The anterior column (called the ‘anterior complex’ in the original paper) comes into play in what Greenland describes as the dynamic phase of laryngoscopy, where the laryngoscope is passed into the mouth and anterior column tissues are moved in an effort to view the glottis. The anterior column is in the shape of a pyramid containing the submandibular space and glossal muscles, with its vertices at the temporo-mandibular joints, the hyoid bone and the lower incisors. Its upper border is the superior surface of the tongue. Anything that reduces the size of this column (such as retrognathia or a narrow palate) or the compliance of the tissues within it (such as infection, haemorrhage or radiotherapy) can affect how easily the tissues can be displaced during laryngoscopy.
Greenland has further developed his three-column model to predict which airway devices might be of use for each problem. His findings are summarised in the table below.
Patient preparation – positioning and pre-oxygenation
The importance of patient preparation, time allowing, cannot be overemphasised. Correct positioning of the patient, in the sniffing position, facilitates tracheal intubation by optimally aligning the primary and secondary curves. However, there is also good evidence that patient positioning has beneficial effects on pre-oxygenation. Several studies have now shown that pre-oxygenating patients in a 20° head-up or sitting position increases time to desaturation, therefore giving more time for tracheal intubation. This holds true for obese and non-obese patients, and for the sitting and reverse Trendelenberg positions, which can be used, for example, when the patient has been immobilised for suspected spinal injury.8
Pre-oxygenation should occur for at least 3 minutes, time allowing, and ideally should be enhanced with expiratory +/- inspiratory pressure if oxygen saturations are not maintained with facemask oxygen at a high FiO2.8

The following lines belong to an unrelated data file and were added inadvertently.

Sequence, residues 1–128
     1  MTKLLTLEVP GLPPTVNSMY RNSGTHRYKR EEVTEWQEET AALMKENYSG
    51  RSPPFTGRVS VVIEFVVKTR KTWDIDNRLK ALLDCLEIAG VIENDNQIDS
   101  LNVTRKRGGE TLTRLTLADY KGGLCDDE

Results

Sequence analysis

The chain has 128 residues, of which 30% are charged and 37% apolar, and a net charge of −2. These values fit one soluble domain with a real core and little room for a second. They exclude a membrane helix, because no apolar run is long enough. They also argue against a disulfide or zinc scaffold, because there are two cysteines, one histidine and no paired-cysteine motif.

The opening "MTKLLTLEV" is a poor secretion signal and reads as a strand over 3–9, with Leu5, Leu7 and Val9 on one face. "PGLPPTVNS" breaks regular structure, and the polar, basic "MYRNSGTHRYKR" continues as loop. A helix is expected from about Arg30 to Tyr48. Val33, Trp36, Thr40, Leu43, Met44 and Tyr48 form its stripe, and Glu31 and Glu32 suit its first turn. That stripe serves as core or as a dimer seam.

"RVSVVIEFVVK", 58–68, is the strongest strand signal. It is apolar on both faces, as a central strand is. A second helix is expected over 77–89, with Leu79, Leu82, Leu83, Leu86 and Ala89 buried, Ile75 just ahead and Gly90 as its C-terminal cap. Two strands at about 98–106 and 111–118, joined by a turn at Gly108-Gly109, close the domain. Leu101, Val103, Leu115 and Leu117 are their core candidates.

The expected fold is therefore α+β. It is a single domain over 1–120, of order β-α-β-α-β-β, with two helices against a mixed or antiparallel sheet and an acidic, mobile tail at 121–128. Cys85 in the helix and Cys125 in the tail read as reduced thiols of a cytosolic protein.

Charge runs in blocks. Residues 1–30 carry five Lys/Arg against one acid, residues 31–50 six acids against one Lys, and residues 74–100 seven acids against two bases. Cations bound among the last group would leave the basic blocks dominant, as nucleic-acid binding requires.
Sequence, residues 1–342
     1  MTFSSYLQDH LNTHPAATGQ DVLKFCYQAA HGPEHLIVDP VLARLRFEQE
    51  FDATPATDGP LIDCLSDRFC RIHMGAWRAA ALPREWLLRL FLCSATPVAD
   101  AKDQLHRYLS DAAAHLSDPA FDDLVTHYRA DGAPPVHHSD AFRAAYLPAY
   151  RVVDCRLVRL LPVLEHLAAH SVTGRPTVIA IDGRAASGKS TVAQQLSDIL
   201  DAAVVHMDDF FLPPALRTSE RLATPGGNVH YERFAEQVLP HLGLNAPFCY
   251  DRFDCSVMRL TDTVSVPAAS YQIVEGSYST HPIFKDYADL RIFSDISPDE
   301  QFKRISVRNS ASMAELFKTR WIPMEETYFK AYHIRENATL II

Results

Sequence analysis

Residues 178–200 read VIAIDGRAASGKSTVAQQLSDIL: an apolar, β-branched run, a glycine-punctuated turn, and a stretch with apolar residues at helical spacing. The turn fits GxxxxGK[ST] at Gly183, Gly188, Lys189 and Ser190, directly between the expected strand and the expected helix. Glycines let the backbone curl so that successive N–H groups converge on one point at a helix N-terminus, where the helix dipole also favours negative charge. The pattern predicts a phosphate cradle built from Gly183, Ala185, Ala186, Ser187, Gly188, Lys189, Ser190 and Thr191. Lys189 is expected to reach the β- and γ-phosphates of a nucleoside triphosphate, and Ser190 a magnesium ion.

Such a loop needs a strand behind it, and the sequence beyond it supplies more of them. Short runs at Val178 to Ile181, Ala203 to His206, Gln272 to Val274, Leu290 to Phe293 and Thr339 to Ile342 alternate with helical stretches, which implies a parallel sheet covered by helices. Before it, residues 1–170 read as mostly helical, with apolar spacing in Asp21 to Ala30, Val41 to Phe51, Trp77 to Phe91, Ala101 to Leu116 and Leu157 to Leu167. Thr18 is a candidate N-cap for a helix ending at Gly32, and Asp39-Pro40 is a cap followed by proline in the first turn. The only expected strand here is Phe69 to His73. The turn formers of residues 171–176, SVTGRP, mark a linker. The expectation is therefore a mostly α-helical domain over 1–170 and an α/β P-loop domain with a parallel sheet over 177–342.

Continued, ‘apnoeic’ oxygenation during the intubation attempt is now gaining traction as a routine intervention. This is most simply delivered via standard nasal cannulae, and has been shown to increase the time to desaturation in two anaesthetic studies at a flow rate of 5L.min-1.9,10 A more recent study using humidified oxygen at a flow rate of 70L.min-1, termed Transnasal Humidified Rapid-Insufflation Ventilatory Exchange (THRIVE), achieved complete maintenance of oxygen saturations for very long periods (median time 14 minutes, range 5-65 minutes) in 25 ENT patients, 12 of whom were obese, and nine had stridor.11 Current recommendations suggest a flow rate of 15L.min-1 via standard nasal cannulae,8 a practice that appears to be well tolerated, even in awake patients.12
Levitan’s three-stage approach to tracheal intubation
Two-curve theory goes a long way to explaining difficulties with visualisation of the glottis (due to a pronounced primary curve and/or an up sloping vestibule axis) and with delivery of the tracheal tube (due to a pronounced secondary curve). Understanding this theory can therefore help us trying to overcome these difficulties, for example, with correct positioning, external laryngeal manipulation, and the use of stylets and bougies.
When managing these difficulties during the intubation attempt, it can be helpful to break tracheal intubation down into three stages as described by Richard Levitan:13
- Laryngeal exposure
- Delivering the tube or bougie to the glottic opening
- Advancing the tube or bougie into the trachea
It is essential to understand these three stages and that how we achieve them differs between airway devices.
Stage 1: Laryngeal exposure